Notch-deficient skin induces a lethal systemic B-lymphoproliferative disorder by secreting TSLP, a sentinel for epidermal integrity

Shadmehr Demehri, Zhenyi Liu, Jonghyeob Lee, Meei Hua Lin, Seth D. Crosby, Christopher J. Roberts, Perry W. Grigsby, Jeffrey H. Miner, Andrew G. Farr, Raphael Kopan

Research output: Contribution to journalArticlepeer-review

157 Scopus citations

Abstract

Epidermal keratinocytes form a highly organized stratified epithelium and sustain a competent barrier function together with dermal and hematopoietic cells. The Notch signaling pathway is a critical regulator of epidermal integrity. Here, we show that keratinocyte-specific deletion of total Notch signaling triggered a severe systemic Blymphoproliferative disorder, causing death. RBP-j is the DNA binding partner of Notch, but both RBP-j-dependent and independent Notch signaling were necessary for proper epidermal differentiation and lipid deposition. Loss of both pathways caused a persistent defect in skin differentiation/barrier formation. In response, high levels of thymic stromal lymphopoietin (TSLP) were released into systemic circulation by Notch-deficient keratinocytes that failed to differentiate, starting in utero. Exposure to high TSLP levels during neonatal hematopoiesis resulted in drastic expansion of peripheral pre- and immature B-lymphocytes, causing B-lymphoproliferative disorder associated with major organ infiltration and subsequent death, a previously unappreciated systemic effect of TSLP. These observations demonstrate that local skin perturbations can drive a lethal systemic disease and have important implications for a wide range of humoral and autoimmune diseases with skin manifestations.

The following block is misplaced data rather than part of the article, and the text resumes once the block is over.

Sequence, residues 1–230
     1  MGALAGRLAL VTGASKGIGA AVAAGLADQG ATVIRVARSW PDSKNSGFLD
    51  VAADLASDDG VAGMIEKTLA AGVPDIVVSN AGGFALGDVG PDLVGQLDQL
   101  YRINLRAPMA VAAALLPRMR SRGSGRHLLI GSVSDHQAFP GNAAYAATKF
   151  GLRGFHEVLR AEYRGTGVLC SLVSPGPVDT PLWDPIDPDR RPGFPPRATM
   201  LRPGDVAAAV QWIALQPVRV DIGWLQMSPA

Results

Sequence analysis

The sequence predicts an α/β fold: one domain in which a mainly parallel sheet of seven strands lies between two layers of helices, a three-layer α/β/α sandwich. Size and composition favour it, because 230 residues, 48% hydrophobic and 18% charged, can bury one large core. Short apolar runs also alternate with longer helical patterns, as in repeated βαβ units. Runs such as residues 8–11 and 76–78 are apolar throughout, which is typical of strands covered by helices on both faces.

Original languageEnglish
Article numbere123
Pages (from-to)992-1005
Number of pages14
JournalPLoS biology
Volume6
Issue number5
DOIs
StatePublished - May 2008

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